The year is almost over, and Gallerist is reflecting on what has occurred, readying ourselves for the new year. Last week, we summarized some of 2011’s major events and hazarded guesses about the future. This week, we will be taking more detailed and—in some cases—more subjective views on the state of the art world in a series of slide shows.
Today, we look back on the year’s developments, through artworks and signs that featured text. A bevy of artists made art with words this year, and plenty more protestors—including some from the art world—filled signs with messages. One is almost tempted to declare it a trend. But, this being The Observer, we will just note that it was powerful, and leave it at that.
Click the slide show above to view 15 text pieces from 2011. All photos by Andrew Russeth.
15. Lower East Side Galleries Proliferated
Five years ago, there were almost no galleries in the neighborhood. Now there are scores of them, and more than a dozen—many of them admirably ambitious—opened this year, including Essex Street, Callicoon Fine Arts, Toomer Labzda, Showroom and Golden. Meanwhile, the New Museum expanded into a restaurant-supply store next door. How long will it take for gentrification to enter its next stage—prices rising to such a degree that they begin to force out dealers, as happened in the East Village in the 1980s?
Work by Deborah Kass and Pulp, Ink at 214 Bowery for "After Hours: Murals on the Bowery"
14. The Art World Protested for Ai Weiwei's Release... Sort Of
When Chinese artist and activist Ai Weiwei was detained by Chinese authorities earlier this year, leaders at a number of institutions—the Guggenheim, Tate Modern and the Museum of Modern Art, among them signed a petition, along with more than 100,000 people demanding his release. Meanwhile, with Mr. Ai still imprisoned, galleries flocked to the Art HK art fair, in Hong Kong, to sell their wares. With Alison Klayman's documentary, Ai Weiwei: Never Sorry set to be released at Sundance and a one-person show planned for Mary Boone, both in January, the artist will be making plenty of noise next year.
Installation view of "1,001 Chairs for Ai Weiwei in New York" protest organized by Creative Time, April 17, 2011
13. Glenn Ligon, Scott Rothkopf and the Whitney Triumphed
Debuting in his new role as curator at the Whitney, curator Scott Rothkopf staged a remarkable, nuanced retrospective of Glenn Ligon Our eyes are still hurting from the jarringly colored When Black Wasn't Beautiful works.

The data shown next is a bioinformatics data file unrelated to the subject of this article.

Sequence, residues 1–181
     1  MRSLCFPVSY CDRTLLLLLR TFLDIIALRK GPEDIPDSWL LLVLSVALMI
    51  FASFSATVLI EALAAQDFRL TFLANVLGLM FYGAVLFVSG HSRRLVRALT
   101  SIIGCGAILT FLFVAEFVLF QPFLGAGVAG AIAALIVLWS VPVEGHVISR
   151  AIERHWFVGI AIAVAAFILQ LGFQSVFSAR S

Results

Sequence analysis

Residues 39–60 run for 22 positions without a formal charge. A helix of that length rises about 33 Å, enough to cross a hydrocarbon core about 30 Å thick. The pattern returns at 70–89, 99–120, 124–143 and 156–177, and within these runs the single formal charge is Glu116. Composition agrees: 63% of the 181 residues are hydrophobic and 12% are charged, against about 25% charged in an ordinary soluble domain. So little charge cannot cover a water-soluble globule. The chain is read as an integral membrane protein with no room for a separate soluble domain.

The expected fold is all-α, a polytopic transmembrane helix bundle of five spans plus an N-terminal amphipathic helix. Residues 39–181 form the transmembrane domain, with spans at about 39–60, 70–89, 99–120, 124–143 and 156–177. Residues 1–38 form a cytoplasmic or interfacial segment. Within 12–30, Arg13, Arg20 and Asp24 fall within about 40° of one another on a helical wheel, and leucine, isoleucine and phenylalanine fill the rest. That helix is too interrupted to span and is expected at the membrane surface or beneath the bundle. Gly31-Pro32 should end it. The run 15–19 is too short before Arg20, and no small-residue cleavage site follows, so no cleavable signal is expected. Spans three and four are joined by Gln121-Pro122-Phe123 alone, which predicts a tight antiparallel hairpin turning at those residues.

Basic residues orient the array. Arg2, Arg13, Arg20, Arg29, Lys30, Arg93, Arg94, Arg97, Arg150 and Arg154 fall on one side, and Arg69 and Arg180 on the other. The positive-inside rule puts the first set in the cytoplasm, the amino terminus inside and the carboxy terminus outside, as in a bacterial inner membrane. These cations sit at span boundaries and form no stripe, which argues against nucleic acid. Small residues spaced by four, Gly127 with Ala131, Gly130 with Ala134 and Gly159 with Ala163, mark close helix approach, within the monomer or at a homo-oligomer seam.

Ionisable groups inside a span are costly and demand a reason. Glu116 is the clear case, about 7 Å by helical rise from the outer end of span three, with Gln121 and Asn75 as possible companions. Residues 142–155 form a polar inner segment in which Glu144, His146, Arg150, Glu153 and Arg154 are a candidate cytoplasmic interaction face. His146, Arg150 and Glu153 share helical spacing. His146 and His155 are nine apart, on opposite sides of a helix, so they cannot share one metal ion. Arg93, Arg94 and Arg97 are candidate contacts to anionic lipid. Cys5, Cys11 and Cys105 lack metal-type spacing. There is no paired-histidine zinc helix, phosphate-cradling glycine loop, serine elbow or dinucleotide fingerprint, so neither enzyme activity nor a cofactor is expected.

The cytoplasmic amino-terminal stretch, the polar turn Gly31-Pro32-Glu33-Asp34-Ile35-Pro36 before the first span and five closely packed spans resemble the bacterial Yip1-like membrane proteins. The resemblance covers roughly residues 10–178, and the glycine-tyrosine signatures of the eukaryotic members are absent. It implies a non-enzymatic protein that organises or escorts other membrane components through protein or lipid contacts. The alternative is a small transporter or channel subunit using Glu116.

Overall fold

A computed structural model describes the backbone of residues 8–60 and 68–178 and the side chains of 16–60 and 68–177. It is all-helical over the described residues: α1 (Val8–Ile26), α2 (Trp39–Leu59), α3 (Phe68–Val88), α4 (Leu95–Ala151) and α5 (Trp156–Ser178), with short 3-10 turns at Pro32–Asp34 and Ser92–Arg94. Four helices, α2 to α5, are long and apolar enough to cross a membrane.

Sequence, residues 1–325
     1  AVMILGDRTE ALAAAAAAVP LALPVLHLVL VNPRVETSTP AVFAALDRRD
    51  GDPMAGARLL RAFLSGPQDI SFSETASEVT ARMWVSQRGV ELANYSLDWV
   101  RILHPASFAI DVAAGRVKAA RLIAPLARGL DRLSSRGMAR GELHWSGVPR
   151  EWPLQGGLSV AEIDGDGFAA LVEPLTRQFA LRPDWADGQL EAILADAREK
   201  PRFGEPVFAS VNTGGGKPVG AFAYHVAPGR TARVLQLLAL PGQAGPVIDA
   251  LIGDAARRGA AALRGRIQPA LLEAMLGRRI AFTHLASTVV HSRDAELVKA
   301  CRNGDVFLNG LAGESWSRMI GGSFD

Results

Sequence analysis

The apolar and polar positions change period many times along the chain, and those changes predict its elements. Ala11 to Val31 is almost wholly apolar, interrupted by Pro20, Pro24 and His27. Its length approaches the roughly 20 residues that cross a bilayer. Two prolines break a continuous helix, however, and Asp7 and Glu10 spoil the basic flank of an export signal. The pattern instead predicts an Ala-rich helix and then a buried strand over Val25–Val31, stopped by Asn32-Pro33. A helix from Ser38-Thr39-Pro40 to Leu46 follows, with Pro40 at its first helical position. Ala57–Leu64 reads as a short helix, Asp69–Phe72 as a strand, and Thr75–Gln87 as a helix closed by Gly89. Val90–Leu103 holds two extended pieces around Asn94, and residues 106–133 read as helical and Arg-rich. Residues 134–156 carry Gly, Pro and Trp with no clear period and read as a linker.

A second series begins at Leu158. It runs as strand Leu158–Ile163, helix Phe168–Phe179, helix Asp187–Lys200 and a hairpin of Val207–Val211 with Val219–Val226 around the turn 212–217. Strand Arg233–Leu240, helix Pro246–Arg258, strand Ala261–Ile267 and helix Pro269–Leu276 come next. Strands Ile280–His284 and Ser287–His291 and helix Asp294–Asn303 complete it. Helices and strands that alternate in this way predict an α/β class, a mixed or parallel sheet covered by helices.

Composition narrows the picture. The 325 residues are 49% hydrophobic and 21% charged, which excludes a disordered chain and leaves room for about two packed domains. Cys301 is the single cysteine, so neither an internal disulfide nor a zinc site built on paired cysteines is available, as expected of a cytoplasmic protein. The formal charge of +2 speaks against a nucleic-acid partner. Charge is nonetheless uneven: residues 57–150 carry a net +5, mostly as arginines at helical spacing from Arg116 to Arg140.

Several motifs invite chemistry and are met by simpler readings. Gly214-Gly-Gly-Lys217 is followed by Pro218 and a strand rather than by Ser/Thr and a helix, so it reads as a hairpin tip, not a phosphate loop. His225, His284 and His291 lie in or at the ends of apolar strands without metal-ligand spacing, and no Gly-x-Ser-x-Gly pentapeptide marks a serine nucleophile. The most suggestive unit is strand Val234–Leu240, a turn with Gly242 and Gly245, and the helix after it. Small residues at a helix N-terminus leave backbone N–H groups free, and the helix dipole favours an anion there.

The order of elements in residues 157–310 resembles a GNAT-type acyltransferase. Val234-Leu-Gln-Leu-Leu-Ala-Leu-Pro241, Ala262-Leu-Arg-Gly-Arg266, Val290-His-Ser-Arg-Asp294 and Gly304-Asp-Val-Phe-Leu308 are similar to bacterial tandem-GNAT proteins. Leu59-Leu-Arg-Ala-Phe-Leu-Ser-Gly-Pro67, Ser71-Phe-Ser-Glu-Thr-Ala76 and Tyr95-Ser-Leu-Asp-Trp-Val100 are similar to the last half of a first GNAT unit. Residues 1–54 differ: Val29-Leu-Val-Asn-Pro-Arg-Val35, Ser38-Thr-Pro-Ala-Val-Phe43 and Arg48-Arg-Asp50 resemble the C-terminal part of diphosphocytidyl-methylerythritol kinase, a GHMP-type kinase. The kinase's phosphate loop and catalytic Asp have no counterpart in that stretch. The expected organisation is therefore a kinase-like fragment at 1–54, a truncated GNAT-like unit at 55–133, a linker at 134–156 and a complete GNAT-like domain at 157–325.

Glenn Ligon's Untitled (negro sunshine) (2011), at the Whitney Museum
12. Los Angeles Beat Its Chest
“It’s corny," critic Dave Hickey said, of the Getty's "Pacific Standard Time" initiative. "It’s the sort of thing that Denver would do. ... It’s ’50s boosterish, and I would argue largely unnecessary.” It was a great line, but Gallerist had to disagree. When we visited Los Angeles at the end of September, many of the shows on view as part of "PST" (which encouraged museums and galleries to mount exhibitions about California art from 1945 to 1980), were often astoundingly exciting. Though it is unlikely that New York will ever be the subject of a similar treatment (one can imagine the scoffs), our city's recent past certainly has plenty of unexplored areas.
Chris Burden's The Reason for the Neutron Bomb (1979) at at the Museum of Contemporary Art Los Angeles's "Under The Big Black Sun: California Art 1974-1981"
11. Relational Aesthetics Was All Across Town
Artists once grouped under that theory were busy in New York institutions this fall, with Maurizio Cattelan hanging at the Guggenheim, Carsten Höller bringing his gadgets to the New Museum and Rirkrit Tiravanija's original soup kitchen going on view at the Museum of Modern Art. Rirkrit Tiravanija's winter show at Gavin Brown's enterprise was the best of the bunch, though: just hearty soup, some cheap T-shirts and a big, abandoned gallery.
Rirkrit Tiravanija, "Fear Eats the Soul," at Gavin Brown's enterprise
10. Locked-Out Sotheby's Art Handlers Protested
The battle between Sotheby's and locked-out unionized art handlers has been raging for nearly five months with no end in sight. The auction house wants to decrease the length of the average workweek, which the union says will result in a 5 to 15 percent decrease in pay. Protestors have disrupted auctions, and the house closed some of its exhibition spaces, citing security concerns. Meanwhile, both Christie's and Sotheby's reported record results at the mid-year point.
"$otheby's": Teamsters Local 814 Sign at Sotheby's Protest
9. The Art World Was Occupied... Sort Of
For most of the time that protestors occupied Zuccotti Park, the Occupy Wall Street movement was not much more than a blip on the art world radar, though that began to change near the end of the year. After some peculiar acts, the Occupy Museums joined with Lou Reed for a protest at Lincoln Center and an Arts & Labor group formed, which reprinted Chris Kasper's essay on labor inside the art world. In October, a small group occupied Artists Space and was ejected after 28 hours. Since one of the artists involved in that event now event, Georgia Sagri, in the 2012 Whitney Biennial, we will no doubt be hearing more about that event soon.